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Old 09-18-2012, 11:23 AM
 
Location: Westchester County, NY
269 posts, read 323,961 times
Reputation: 88
Default Electrical check up in the co-op rules - WTF?

Ugh, my lawyer really screwed up on this one... this should have been handled before the close.

I just recently bought a co-op and the rules state that I have to have an electrical check within 90 days of occupancy. Silly me, I was thinking this was going to be like a home inspection. Not really understanding what they were looking for, I went ahead and had the whole place painted, moved in and la di da, finally got around to bringing in an electrician to get it done (along with a few other things). Of course, the electrician says he needs to pull off every wall plate, socket, light fixture, etc, so he can check the connections. To the tune of approx $400 plus the minor damage to my walls and ceiling and the touch up painting I'll have to deal with. And the management company said yes, this is what they require. To check for "frayed wires."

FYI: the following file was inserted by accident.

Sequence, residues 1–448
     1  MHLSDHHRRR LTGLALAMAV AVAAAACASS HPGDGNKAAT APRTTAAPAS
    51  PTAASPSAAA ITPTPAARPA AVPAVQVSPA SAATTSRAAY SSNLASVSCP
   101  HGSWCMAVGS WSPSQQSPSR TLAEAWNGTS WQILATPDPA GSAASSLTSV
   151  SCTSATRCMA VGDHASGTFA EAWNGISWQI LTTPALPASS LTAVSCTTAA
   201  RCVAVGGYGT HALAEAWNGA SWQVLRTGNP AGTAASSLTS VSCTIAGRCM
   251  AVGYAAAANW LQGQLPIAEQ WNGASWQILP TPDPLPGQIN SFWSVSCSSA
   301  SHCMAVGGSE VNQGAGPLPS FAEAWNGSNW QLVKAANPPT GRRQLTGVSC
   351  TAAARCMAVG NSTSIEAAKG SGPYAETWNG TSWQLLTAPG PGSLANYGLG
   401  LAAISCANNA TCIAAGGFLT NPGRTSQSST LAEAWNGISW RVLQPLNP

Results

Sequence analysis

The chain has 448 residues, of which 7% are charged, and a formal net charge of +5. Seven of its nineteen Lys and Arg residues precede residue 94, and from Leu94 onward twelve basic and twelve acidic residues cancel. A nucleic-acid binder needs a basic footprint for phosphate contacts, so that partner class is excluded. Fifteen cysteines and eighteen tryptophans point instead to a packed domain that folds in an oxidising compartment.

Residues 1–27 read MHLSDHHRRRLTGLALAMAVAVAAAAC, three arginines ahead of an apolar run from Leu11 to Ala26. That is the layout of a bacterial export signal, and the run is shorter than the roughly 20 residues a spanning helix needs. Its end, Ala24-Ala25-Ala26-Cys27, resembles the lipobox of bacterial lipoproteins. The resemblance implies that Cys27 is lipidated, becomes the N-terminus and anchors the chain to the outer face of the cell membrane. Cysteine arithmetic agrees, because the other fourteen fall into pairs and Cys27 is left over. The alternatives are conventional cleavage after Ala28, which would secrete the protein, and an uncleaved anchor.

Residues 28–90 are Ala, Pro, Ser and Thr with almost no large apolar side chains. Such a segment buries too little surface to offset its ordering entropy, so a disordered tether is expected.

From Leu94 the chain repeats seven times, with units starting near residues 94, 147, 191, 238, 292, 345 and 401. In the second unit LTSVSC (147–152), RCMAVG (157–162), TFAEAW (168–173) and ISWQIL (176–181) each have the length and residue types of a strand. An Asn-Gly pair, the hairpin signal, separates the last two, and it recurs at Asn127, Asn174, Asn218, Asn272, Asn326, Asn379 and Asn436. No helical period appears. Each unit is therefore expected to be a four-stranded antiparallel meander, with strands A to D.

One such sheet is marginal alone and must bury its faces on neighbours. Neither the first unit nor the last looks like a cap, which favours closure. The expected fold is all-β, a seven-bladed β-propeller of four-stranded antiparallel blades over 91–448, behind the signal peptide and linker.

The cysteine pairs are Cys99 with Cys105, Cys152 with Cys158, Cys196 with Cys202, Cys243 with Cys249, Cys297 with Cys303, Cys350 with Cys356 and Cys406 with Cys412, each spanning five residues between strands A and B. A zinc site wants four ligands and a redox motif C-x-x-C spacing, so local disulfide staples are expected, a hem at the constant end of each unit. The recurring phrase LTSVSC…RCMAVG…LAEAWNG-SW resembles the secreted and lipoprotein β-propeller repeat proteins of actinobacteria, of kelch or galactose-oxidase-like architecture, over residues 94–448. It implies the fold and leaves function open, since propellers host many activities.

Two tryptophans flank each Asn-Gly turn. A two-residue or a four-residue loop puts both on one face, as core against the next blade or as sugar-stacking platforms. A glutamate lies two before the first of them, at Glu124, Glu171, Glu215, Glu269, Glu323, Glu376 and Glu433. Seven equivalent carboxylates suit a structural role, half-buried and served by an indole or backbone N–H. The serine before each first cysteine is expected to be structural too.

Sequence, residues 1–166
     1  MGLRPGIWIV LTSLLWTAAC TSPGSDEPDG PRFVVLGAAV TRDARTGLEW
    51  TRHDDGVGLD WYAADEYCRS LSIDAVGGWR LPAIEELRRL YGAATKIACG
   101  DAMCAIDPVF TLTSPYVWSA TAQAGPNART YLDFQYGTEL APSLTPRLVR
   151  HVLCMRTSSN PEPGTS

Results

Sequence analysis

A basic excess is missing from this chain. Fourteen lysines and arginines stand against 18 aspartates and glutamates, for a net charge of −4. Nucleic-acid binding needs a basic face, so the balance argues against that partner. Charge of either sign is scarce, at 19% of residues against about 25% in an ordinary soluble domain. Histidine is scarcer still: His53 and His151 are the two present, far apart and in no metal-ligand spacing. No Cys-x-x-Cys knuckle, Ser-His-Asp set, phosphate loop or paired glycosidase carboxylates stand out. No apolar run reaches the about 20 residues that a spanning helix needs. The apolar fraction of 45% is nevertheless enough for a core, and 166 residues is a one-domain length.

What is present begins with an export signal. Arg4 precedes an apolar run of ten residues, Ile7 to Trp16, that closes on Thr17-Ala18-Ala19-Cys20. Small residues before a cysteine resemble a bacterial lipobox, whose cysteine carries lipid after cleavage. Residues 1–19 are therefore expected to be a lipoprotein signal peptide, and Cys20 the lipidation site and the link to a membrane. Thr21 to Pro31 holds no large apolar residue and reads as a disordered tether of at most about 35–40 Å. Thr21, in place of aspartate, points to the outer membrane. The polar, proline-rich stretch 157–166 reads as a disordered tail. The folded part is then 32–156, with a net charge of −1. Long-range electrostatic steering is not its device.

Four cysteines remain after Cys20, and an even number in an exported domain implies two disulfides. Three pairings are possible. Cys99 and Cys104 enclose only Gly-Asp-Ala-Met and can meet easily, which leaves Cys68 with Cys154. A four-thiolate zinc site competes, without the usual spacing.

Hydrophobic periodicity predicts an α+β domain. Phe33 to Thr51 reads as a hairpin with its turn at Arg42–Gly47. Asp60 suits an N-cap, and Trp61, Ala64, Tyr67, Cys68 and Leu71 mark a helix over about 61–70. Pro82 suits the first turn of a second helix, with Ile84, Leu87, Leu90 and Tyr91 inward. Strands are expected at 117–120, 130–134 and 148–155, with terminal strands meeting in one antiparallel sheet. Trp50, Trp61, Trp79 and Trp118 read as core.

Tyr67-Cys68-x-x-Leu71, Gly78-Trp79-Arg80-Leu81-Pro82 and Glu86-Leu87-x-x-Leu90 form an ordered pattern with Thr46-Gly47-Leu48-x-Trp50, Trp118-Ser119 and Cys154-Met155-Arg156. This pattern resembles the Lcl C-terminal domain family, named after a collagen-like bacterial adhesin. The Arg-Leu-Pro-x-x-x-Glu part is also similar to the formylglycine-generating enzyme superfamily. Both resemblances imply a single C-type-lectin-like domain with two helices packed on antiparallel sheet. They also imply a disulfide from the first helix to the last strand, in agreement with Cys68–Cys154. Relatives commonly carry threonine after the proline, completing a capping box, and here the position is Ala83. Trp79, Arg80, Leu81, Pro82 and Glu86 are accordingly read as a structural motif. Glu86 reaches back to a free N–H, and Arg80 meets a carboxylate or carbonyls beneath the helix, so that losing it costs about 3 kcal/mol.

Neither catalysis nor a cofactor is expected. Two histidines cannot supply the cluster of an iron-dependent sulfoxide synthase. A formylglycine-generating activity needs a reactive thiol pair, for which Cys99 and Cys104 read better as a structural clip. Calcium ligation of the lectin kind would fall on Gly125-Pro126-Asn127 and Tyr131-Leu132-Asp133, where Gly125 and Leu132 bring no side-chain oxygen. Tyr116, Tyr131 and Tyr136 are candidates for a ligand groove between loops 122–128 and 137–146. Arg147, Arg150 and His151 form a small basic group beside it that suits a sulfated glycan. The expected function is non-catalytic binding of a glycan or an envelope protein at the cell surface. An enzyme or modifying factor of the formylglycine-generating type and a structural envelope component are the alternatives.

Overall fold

What steams me even further is that my neighbor who just moved in a few months before me didn't have to do this electrical check.

I can't believe this is even remotely standard in co-ops. And frankly, I don't even understand the rationale - I get making sure you use a certified electrician when you do renovations. But this seems like a very expensive fishing expedition.

Any thoughts on the above? I'm not really sure where to take it next - if I should just suck it up or argue further...
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Old 09-18-2012, 03:31 PM
 
6,231 posts, read 9,801,872 times
Reputation: 3956
Probably a good idea but certainly something that is weird that is mandated. Often times when homes get wired the guys doing it go the cheap/fast/quick/"get it done" route and use push-ins for the wall sockets. Not that it's bad, there are good and bad designs of the above, but rest assured they used the cheap $0.69 builders grade sockets that just push in and aren't secured with screws.

"Frayed wires" makes no sense, the wire is solid not stranded when run in residential applications therefore can't "fray", maybe they are just using a layman's term to dumb it down for folks.

How were your walls damaged though? I'd be more concerned about the electrician damaging your home taking off a cover plate or fan cover.